4 Habits to Adopt for a Longer Healthier Life inspired by the Blue Zones

“Blue Zones” are regions that have more centenarians and fewer cases of chronic disease than anywhere else in the world, a pattern that experts attribute to occupants’ healthy diet and lifestyle habits. There’s now 6 Blue Zones identified but you don’t have to move to them to benefit from the secrets uncovered. I’ve long been intrigued by the health benefits of living in Blue Zones and the secrets behind the quality of the inhabitant’s longevity.

What are they doing that I’m not doing? What can I change?

Here are 4 Habits you should consider to support healthy aging inspired by the blue zones.

  1. Eat Healthy Fats
  2. Move everyday
  3. Prioritize sleep
  4. Make time for community
Let’s look at each one more closely.

 

Eat healthy fats

One commonality between people living in blue zones worldwide is the amount of healthy fats in their diets. In Okinawa, Japan, they eat fatty fish such as salmon, while people consume plenty of local olive oil in the Mediterranean. One of the reasons they’re associated with longevity is their ability to reduce inflammation, which is at the root of chronic health conditions like heart disease, strokes, depression, and anxiety.

Move Everyday

Instead of setting yourself ambitious, potentially unachievable fitness goals, take your cues from the blue zones and build some movement into your daily routine. It doesn’t necessarily have to be “exercise”. In a study published by Nature Medicine, short “bursts” of activity (like running up the stairs) that were measured using wearable tech devices were found to be beneficial in staving off ill health. The results revealed that those who did short but intense bouts of movement reduced their heart disease mortality risk by 50 percent and their risk of death from cancer by around 40 percent, compared with those who did no vigorous activity. Although it might not feel like you’re doing much, this kind of movement is enough to stress the cardiovascular system, increasing oxygen uptake and preventing cardiac arteries from clogging.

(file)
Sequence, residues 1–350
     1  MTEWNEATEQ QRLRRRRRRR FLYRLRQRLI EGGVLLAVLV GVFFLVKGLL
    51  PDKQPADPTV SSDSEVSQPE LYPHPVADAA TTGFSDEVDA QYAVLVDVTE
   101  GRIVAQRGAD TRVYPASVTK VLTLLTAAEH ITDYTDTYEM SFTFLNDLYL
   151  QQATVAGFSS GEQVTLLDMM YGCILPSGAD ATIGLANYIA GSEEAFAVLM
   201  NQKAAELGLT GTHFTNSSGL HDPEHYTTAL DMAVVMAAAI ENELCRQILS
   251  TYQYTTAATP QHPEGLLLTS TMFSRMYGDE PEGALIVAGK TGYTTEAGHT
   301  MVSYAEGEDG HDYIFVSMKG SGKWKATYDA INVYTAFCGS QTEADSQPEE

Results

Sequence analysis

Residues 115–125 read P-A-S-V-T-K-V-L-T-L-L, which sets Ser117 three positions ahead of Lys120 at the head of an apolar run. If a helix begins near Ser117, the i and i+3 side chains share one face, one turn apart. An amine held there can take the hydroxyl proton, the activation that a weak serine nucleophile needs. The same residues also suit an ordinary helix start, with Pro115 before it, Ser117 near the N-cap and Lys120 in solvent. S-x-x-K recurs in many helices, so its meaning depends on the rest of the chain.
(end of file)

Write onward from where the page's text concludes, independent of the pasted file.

Daily movement of some kind is also important for healthy lymph flow, which is essential for keeping the immune system in shape. Start by making small incremental changes every day. Whether it’s factoring in more stairs to climb, adding counter push-ups while waiting for your coffee to brew, or including a few gentle stretches to your pre-bedtime routine, aim to add more movement a little each day. Going for a 10-minute walk after dinner will help to improve your digestion and lower your stress levels before you
head to bed.

 

Want some simple guidelines for adding movement to your day? The BoneSmart Bursts™ are 5-10 minute movement snacks created by a PT with variety, creativity, and bone safety in mind.

 

 

Prioritize your sleep

People understand the importance of a great night’s sleep in blue zones.  Good quality sleep re-energizes brain cells, repairs skin, and strengthens every major system in the body, including the immune, respiratory, endocrine, and central nervous systems. Naps are also a priority in blue zones. Experts agree that the right kind of nap (around 20 minutes is optimum and never after 3 pm), can not only restore a sleep deficit but also improve concentration, mood and energy. As for healthy nighttime habits, sticking to a regular sleep schedule of set times and getting between seven and nine hours a night all contribute to better overall health.

Connection

Blue zone inhabitants all share a common belief in the importance of community and connection. Humans are naturally sociable creatures, so it’s no surprise that social connection is key to a long and healthy life. A recent study found that socially isolated people had a 26 percent higher risk of all-cause death, while prolonged loneliness also resulted in an elevated risk of 14 percent. Being around other people is also key to better brain health. When we interact with others, blood circulates to different parts of the brain to help us listen and formulate responses. Constantly using the brain in this way increases our neuroplasticity, connections between brain cells, and the neural circuits used.

Wrapping it up

In closing, try to include more healthy fats, move more, honor your sleep, and connect with others to promote healthy aging.